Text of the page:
To coronate the year, we have had two massive data breaches – the Quora (quora.com) and Marriott (or Starwood, to be more precise) breaches.

Quora, the California-based Q&A giant, has reported a breach affecting 100 million of its users.

Meanwhile, Marriott have been warning their customers of an old and entrenched security breach, which may have resulted in up to 500 million hotel reservations being siphoned off.

Today we look at these two “incidents” – if you can give such an innocent name to something so huge – and tell you all there is to know about them.

What questions about you has Quora answered?

The Quora data breach was noticed on Friday, November 30, and the company announced it to the public yesterday – December 4. That puts them more or less within the timeframe dictated by the European General Data Protection Regulation (GDPR), which obliges companies to report such breaches to authorities within 72 hours. We mention this detail to bring at least a glint of positivity into the Quora hack story, which goes downhill from here.

The Quora data breach was perpetrated by a “malicious third party,” who had gained access to the company’s systems. Although Quora is reportedly still investigating the causes of this breach, the company believes it has already “identified the root cause,” and enacted some measures to fix the issue. This means that while caution is still in order, a repeat of the same security breach is unlikely.

As mentioned, the Quora breach could have affected up to 100 million users, which, according to a statement from the company, does not constitute their entire user base. With that said, the actual number of accounts on Quora is unclear and some estimate that 100 mln sounds like a reasonable number. In addition, not all users were affected to the same extent.

What data has the Quora hack compromised?

So:
Q: What might the Quora hack have told about you?

Account and user information, e.g. name, email, IP, user ID, encrypted password, user account settings, personalization data
Public actions and content including drafts, e.g. questions, answers, comments, blog posts, upvotes
Data imported from linked networks when authorized by you, e.g. contacts, demographic information, interests, access tokens (now invalidated)
Questions and answers that were written anonymously are not affected by this breach as we do not store the identities of people who post anonymous content.

A: Quite a bit.

Malpractice at Starwood

The people screaming “I hate Quora” are not wrong but wait ‘til you hear this.

On Friday, November 30, Marriott began warning their clients about a breach of its Starwood hotel reservations database, which they had known about since September 12. Right off the bat, this seems to stand in violation of GDPR requirements and Marriott can get a huge fine as a result.

That’s only half the issue. The other (worse) half is that this Marriott reservations database breach may have actually happened as far back as 2014. It was only noticed this year. That’s a lot of time for customer information to leak, for social engineers to commit all manner of fraud with it, etc.

Let’s get to the root of the issue – who and what is affected? Firstly, we should note that clients of Marriott brand hotels are probably not affected because these reservations are held in a different database. The “Marriott breach” is actually the Starwood breach.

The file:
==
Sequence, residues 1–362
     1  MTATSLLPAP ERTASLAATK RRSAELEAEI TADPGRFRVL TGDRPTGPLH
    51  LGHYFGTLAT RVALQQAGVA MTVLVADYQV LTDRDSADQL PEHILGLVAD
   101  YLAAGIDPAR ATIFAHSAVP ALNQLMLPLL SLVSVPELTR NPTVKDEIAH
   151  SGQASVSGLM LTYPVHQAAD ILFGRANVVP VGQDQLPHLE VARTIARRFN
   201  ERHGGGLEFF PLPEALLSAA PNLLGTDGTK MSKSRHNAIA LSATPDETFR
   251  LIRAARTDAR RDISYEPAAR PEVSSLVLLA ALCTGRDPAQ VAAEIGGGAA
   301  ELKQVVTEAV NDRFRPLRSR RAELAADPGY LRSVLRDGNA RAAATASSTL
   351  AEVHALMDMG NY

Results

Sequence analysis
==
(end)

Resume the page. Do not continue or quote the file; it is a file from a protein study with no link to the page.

For those not in the know, Starwood is a Marriott-owned hotel chain – the largest in the whole world. It covers 11 brands (Sheraton, W Hotels, Regis, etc.) and over a thousand hotels. In other words, the fact it’s not the Marriott reservations database that was compromised makes it no less of a big deal.

What data has the Marriott breach compromised?

Data breach

So here’s what information is on these hotel reservations, potentially stolen in the Marriott data breach:

Names, phone numbers, addresses, dates of birth, gender information, email addresses, passport numbers, arrival/departure info, the reservation date, and some other details.

Perhaps more alarmingly, some of the records would have contained encrypted credit card data and perhaps the key needed to decrypt them.

Just think what a smart criminal could do with all that information!

The issue doesn’t end there because the way Marriott has tried to deal with the situation has only caused more problems. For example, the email sent to clients came from the domain “email-marriott.com.” Now that, my friends, is phishy. Such practices create further opportunities for fraud and are a reflection of how bad Marriott is at crisis control.

What should you do?

Firstly, if you haven’t done so already, check whether your email password has been compromised. You can do so by going here and entering your email address.

Secondly, if you had an account on Quora.com and think you may have been compromised by the Quora data breach – change your passwords. Especially if you were using the same password for several different services. Quora gives users the opportunity to login using their Facebook or Google accounts, which is why you should probably change the passwords of these accounts in particular (if you have used them to log into Quora).

As for those who have stayed at a Starwood hotel: there’s not much you can do. Much of the data hackers have gained access to is “real world data,” such as your address or telephone number. Since it’s likely that they also have your email address, you should make sure your email password is as strong as Thor.

Lastly, beware of phishing attacks. It’s more than likely that scammers will use the Marriott breach to lure sensitive information out of unsuspecting people. Remember – the ones behind your hack have your email address, so if you receive an email from “Marriott”, “Sheridan” or one of the other “Starwood hotels,” asking for personal details, password changes, etc. – be extra careful!